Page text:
What is a university?" is one of those portentous questions, like "What is history?", that are easily and succinctly put but that are always answered at length and with some difficulty. The most famous consideration was, of course, made by John Henry Newman in The Idea of a University. The musings of a 19th-century prelate may not strike some as relevant today. But however otiose his attempts to marry the benefits of a liberal education with the moral sanction of the Catholic Church may seem today, there are in fact parallels between his aims and recent attempts to redefine the higher education agenda.
Newman penned his treatise to promote a radical innovation: he wanted to get recognition for his newly established Catholic university. To do that he had to persuade the church hierarchy that a liberal, inquiring education would not undermine the foundations of faith, to convince the Irish middle classes that a broad critical curriculum was better than a narrow professional one, and to reassure the Anglican establishment that a Roman rival would not unduly threaten its pre-eminence. It is not so much his arguments that ought to command our attention as his strategy. Newman identified and elucidated the elements of a classical education in order to advance a new, and for the time, revolutionary proposition. He emphasised continuity to advocate change.
This is not to propose a return to some narrow definition of a university that owes more to sentiment than to fact. There has never been an Identikit university. After Oxford, there was the "Other Place", where presumably they did things differently. Fast-forward to the Victorian civics and early polytechnics, through the plate-glass insurgency of the 1960s and the mass expansion of the 1990s, to the new-new universities of today, and it becomes clear that diversity has always been an integral part of university.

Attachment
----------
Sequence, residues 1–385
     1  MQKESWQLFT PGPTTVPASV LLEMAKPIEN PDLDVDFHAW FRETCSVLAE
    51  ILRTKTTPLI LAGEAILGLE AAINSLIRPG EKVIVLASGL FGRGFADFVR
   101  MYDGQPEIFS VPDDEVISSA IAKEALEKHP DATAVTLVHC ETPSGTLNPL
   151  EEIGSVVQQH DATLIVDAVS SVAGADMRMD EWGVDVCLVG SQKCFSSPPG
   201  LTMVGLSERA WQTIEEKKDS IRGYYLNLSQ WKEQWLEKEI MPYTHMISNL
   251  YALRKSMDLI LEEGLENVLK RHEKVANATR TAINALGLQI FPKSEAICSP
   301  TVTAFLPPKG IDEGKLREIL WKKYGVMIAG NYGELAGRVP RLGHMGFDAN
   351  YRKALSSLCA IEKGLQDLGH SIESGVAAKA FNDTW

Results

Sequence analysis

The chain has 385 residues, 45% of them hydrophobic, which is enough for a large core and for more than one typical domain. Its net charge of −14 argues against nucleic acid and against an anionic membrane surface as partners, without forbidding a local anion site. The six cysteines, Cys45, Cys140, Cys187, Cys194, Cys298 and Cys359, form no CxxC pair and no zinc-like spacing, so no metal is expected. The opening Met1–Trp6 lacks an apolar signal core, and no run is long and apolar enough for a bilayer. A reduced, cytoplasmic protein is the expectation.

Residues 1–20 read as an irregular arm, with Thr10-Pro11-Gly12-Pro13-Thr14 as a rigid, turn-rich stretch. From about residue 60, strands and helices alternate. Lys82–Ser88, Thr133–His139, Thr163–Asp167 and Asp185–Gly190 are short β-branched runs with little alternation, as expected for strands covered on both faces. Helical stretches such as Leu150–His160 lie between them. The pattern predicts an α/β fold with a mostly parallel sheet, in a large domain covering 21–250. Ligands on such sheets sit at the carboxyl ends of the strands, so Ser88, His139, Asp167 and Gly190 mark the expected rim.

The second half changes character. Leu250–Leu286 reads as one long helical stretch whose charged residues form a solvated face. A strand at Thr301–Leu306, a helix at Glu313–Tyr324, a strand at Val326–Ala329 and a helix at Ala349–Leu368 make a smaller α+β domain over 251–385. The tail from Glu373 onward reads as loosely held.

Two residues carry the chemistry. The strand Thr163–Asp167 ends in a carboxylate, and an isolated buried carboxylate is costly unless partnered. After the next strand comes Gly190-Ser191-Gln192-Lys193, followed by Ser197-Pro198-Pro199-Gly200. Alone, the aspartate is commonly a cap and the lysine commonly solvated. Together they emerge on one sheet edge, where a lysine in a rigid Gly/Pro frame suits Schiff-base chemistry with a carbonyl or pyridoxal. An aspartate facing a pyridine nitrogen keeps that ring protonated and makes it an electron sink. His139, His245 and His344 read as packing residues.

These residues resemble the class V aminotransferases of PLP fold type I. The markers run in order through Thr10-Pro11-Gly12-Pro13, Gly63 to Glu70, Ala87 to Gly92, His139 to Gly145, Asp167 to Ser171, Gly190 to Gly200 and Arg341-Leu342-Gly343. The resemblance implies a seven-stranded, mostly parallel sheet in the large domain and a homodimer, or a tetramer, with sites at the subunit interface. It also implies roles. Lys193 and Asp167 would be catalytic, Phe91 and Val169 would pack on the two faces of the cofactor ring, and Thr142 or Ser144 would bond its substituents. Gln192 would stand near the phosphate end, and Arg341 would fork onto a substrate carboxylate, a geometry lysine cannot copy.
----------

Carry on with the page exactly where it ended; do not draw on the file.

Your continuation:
If Newman's prose does not sit easily with the language of the stakeholder generation, his strategy should. Amid all the talk of the skills agenda, widening access and business-facing institutions, there needs to be some awareness and discussion of what unites as well as differentiates; of what values universities share regardless of the disparate roles they may have.
“There needs to be some awareness of what values universities share regardless of their disparate roles”
What, exactly? What ineffable qualities allow the recently entitled university to consider itself so apart from the further education college across town that it feels confident enough to put a price on the difference - approximately £2,000 a year for an undergraduate course? Or, for that matter, how eternal are verities that were once so fine, rigid and true that they could not possibly accommodate the towers of a business school among the forest of dreaming spires? Eternal, perhaps, but open to reinterpretation, certainly.
It is not that the case for essential university values cannot be made, rather that proponents of change have generally chosen not to address it. All universities have a duty to extend and diffuse knowledge, so teaching and research are essential, but to what degree? Both rely on a third requirement - freedom of thought and expression - and most would concede a fourth, to foster inquiring minds that can do more than merely acquire skills.
Newman believed bringing together people "from all parts in one spot" was essential. But The Open University and commute-to-learn students have made the importance of location debatable. Beyond that, the effable acquires its "in", and it is easier to ask questions than supply answers. Perhaps that is enough. At least it's a start. It is something Newman understood and we seem to have forgotten.